The Fig Tree and the Fruitfulness

Fr. Ronald Melcum Vaughan

In the Gospel of St. Mark chapter 11 verses 12 onwards we find a rather bizarre incident of Jesus demanding from the fig tree fruits out of season. Moreover not having found any fruits but leaves alone Jesus curses the fig tree to be doomed.

Jesus knew it quite well that out of seasons trees do not produce fruits. Then why such irrationality? Was Jesus irritated by the pangs of hunger? This incident could be applied to the disciples and their response to the call of Jesus. A few things become quite clear from this.

Jesus did not look for fruits to supervise if it had fruits, but rather Gospel tells us that he was truly hungry. Our fruitfulness is tested when there is a genuine need or a well planned divine intention. Our faithfulness is often proved when the situation is demanding and our resources run dry. We can be men torn apart by the dilemma and confusions of life. However, in life we must remain adhered to the teachings of the Gospel. So our suffering, paucity, failure, downfall, sickness, loss of a beloved, shattering of a dream, unforeseen troubles etc. are nothing but a time in the furnace to come out as pure gold. Just as gold gets rid of its impurity so we get rid of our imperfection of faith through the trials and tribulations of our lives. We must remind ourselves that suffering is the time to be faithful and fruitful, perhaps like a fig tree out of season.

Jesus was fully aware that it was not a season for the fig tree to bear fruits. Jesus spoke quite often about the seasons and fruits in the Gospel. Yet the Lord wished that it had fruits. It means that the Lord expects his disciples to be fruitful or faithful in season and out of season. For the faithfulness there is no prescribed time and situation. Faithfulness has no vacation or excuse. Our faithfulness is not situational or time-bound. Our faithfulness need not be tested in a suitable situation or in a pre-declared time. The Lord Jesus laid a great emphasis on being alert, watchful and dutiful all the times (See Matthew 24:42ff). In the parable of the Good Samaritan, the Good Samaritan is acclaimed not only for being compassionate but also for his promptness in not-so-friendly conditions. While the Priest and the Levite are denounced because of their dereliction of duties as well as their inability to see the wounded man as their neighbour or an object of ministry in an unforeseen condition. The faith of Pharisees and Levites was meant for the some trailer-made situations. We may say that their faith was seasonal. (Cf. Luke 10:30-37)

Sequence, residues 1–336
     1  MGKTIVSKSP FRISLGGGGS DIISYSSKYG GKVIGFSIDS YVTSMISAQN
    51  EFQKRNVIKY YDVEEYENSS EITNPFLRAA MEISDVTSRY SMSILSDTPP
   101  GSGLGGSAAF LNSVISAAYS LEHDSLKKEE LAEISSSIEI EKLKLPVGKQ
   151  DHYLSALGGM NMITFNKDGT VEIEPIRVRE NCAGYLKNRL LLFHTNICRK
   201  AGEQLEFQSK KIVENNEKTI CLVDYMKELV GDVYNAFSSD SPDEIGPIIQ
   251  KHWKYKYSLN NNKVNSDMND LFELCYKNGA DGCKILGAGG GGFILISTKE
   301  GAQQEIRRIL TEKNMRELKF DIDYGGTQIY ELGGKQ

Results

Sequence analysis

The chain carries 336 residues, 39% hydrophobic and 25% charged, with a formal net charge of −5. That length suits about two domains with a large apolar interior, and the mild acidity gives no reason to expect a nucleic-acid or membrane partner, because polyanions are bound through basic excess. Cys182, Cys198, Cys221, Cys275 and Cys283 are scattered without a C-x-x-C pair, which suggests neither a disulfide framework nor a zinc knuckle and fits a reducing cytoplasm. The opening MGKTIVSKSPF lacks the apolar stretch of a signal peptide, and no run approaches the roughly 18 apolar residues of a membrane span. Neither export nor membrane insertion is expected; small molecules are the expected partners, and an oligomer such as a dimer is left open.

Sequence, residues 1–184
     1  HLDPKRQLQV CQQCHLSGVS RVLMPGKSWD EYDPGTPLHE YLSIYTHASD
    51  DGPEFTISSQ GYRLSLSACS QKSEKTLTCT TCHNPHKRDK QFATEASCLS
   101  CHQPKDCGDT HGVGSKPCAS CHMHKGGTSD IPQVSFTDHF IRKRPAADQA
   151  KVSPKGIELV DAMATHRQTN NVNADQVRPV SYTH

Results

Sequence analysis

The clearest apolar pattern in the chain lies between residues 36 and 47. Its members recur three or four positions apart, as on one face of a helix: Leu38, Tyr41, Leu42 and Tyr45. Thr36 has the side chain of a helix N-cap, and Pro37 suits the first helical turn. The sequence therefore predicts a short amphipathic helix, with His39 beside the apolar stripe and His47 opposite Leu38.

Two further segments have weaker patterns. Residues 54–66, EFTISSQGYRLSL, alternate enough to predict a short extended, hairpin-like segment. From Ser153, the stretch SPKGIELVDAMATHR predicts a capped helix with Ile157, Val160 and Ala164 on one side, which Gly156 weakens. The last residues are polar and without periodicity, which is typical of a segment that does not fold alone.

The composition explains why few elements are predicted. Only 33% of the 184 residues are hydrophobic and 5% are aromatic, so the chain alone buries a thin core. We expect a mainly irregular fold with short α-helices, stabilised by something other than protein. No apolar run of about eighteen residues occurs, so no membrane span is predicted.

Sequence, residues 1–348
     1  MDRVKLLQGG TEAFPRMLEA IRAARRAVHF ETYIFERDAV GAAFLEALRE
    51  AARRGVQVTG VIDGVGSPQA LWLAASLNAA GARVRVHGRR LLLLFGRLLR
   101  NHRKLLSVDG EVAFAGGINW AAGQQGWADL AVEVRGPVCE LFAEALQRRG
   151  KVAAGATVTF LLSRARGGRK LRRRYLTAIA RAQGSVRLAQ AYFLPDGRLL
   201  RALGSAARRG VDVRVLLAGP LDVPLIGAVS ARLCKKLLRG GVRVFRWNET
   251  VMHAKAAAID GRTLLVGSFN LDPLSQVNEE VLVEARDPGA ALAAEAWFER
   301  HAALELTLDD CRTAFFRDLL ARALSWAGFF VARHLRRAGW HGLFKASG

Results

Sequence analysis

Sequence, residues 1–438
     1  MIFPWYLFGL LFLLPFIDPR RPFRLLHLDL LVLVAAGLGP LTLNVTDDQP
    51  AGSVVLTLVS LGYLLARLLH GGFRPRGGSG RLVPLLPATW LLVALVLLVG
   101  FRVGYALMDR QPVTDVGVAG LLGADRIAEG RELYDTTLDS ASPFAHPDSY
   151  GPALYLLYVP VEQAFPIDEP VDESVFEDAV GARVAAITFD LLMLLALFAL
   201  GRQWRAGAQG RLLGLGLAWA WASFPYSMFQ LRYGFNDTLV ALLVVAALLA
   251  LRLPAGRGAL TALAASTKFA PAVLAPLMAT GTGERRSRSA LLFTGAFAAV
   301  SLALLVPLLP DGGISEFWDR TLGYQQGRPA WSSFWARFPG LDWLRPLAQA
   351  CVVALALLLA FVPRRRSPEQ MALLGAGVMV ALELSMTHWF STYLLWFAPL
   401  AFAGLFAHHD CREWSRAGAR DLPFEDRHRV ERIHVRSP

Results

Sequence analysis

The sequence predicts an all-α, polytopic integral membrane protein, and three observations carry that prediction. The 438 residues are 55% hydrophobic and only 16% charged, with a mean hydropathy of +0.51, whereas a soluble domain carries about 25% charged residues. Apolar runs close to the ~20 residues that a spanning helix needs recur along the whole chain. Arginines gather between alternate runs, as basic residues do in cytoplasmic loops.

Similarly the 2 mites of a widow make the heaven ring while the fat donations of the prosperous make no impact on the Lord of all riches. The reason is that the donations of the prosperous come from their comfort zones. They have plenty and from there something is given. While the widow hands over her very security to the Lord. The widow’s faith is unconditional, i.e., I give to the Lord no matter what I will be left with. No arithmetic calculation of loss and gain is made. Such faith survives the human sense of pain and pleasure; to be or not to be; lose and gain. We may say that her faith in giving the Lord a donation was unseasonal. (Cf. Luke 21:1-4)

The Lord establishes fruitfulness in contrast with punishment. Jesus speaks extensively about the need or ‘ought to be’ fruitful disciples of the Lord in all seasons. In the discourse of the vine and the branches He clearly tells us that the Father expects us to be fruitful vine or else we are destined to perish. “Any of my branches that does not bear fruit, he breaks off; and every branch that does bear fruit he prunes, that it may bear even more fruit...This is how my Father is glorified - you become my disciples and bear much fruit” (John 15:2,8).

How to be fruitful all the time? It is not easy to be fruitful all the time. For sure, there are barriers in our personality that hinders us to be fruitful all the time. There are defects and our human response to the call of the Gospel is conditioned by our human limitations. However the Lord provides solutions or ammunitions to fight off the human obstacles and limitations in the same chapter of Mk. 11. “Early next morning, as they walked along the road, the disciples saw the fig tree withered to its roots. Peter then said to him, “Master, look! The fig tree you cursed has withered.” And Jesus replied, “Have faith in God. Truly, I say to you, if you say to this mountain: Be pulled up and hurled into the sea and have no doubt in your heart but believe that what you say will happen; it will be done for you.” (MK 11:20-23). We can overcome the gray areas of our lives in which we are not able to be productive all the times by our faith. Faith is something that can heal us and remove the darkness from our lives. In the same discourse verse 24, the Lord correlates faith with prayer. “Therefore, I tell you, whatever you ask in prayer, believe that you have received it and it shall be done for you.” (MK 11:24). Faith and prayer are two sides of the same coin. One who has faith will always pray and one who prays will have faith. No one can persist in prayer without faith and no one can have faith for all seasons of lives without prayer.

Hence let be faithful or fruitful or productive at all times with weapons of faith and prayers. The Lord will sustain us in our efforts to be faithful. The Lord is demanding yet compassionate. He can see the sincerity of our efforts to be fruitful all the time, he can read our hearts. Therefore let us not be dismayed or discouraged by the mountains in our lives which prevent us from being fruitful in all seasons.